The government’s own data reveals that a total of 180,657 rural households continue to engage in manual scavenging in India. This is the state of affairs a year after the launch of Swachh Bharat Abhiyan (Clean India Mission), a flagship scheme of the incumbent government. The scheme covers 4,041 statutory towns and aims to clean the streets, roads, and infrastructure of the country. The government data is from the recently released findings of the Socio-Economic and Caste Census, 2011, conducted by the Ministry of Rural Development. This census has shown the state of Maharashtra to be worst culprit in terms of manual scavenging, with the states of Madhya Pradesh, Karnataka, Tripura, Punjab, and Uttar Pradesh being others where the practice is common.
Manual scavenging continues after the Supreme Court outlawed the practice. With this judgment, the Court fixed command responsibility with the chief executive officer (or equivalent authority) of civic bodies where the practice is found to continue. However, not a single chief executive officer has been penalised for violating the Court’s order. All the households still engaged in manual scavenging exist under the umbrella of some local body, be it a panchayat or a municipal corporation. Ending manual scavenging in these households by demolishing dry latrines, and stopping cleaners from entering sewers, is the primary responsibility of the chief executive officer of the local body.
Authorities have also been flouting the Supreme Court’s order on manual scavenging by denying manual scavenging continues in their jurisdiction. States like Tamil Nadu, Kerala, Goa, Andhra Pradesh, Telengana, Gujarat, Assam, and Manipur have engaged in such denial, repeatedly, while numerous surveys of organizations like Garima Abhiyan and Safai Karmchari Andolan expose the lies. In fact, even the Comptroller and Auditor General (CAG) of India had pointed out the continuation of the practice in the states and identified 1,402 cases in its report tabled in the Gujarat Assembly in 2014. Additionally, deaths have occurred in the process of sewers being cleaned, which is a practice outlawed in the same Supreme Court Order.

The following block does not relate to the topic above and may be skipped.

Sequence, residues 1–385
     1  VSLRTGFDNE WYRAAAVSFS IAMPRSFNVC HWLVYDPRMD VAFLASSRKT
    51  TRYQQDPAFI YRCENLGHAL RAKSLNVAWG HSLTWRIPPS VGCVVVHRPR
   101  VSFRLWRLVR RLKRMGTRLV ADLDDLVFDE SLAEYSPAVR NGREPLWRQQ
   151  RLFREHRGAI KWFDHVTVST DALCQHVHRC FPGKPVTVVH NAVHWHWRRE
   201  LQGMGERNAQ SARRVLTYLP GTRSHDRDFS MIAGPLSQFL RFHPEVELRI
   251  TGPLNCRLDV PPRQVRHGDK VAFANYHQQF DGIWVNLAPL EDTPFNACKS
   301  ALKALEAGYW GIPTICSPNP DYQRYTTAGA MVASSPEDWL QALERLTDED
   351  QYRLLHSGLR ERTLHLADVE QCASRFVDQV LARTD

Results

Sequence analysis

Manual scavenging continues in other ways, in the form of manual cleaning of sewers, manholes, and others parts of urban sewage treatment systems, practices that the Supreme Court is supposed to have blanket banned on 27 March 2014.
Manual scavenging also continues because of persistent lack of sanitation facilities for around 600 million Indians, who are forced to defecate in the open. This is not a rural problem alone; it is a feature of all major urban centers including Delhi, Bombay, Chennai, and Kolkata. Lack of toilets in slums, where a majority of urban poor live, forces residents to use railway tracks and other public spaces to defecate; local civic bodies cleaning staff are forced to deal with these excreta manually.
The Government of India should begin a nationwide program in order to bring all Indian citizens under sanitation coverage, irrespective of socioeconomic status.
The Government of India needs to provide toilet facilities for all urban poor presently forced to defecate in the open. The Government should also provide for sufficient public toilets in public spaces.
The Government of India should implement the law that prohibits manual scavenging. In addition, the government of India needs to commence a time bound demolition drive against dry latrines.
There is a need to implement the Supreme Court’s order on the same and ensure prosecution of chief executive officers of local bodies failing to curb the practice.
The government should put an immediate end to the practice of people entering manholes or sewers in order to clean them.
The Government of India should not utilize the Supreme court granted exception of entering manholes in special cases with prior written orders from the Chief Executive Officer of the concerned civic body(with full protective gears). Instead, adoption of scientific technology to clean sewers must be introduced by the Government of India.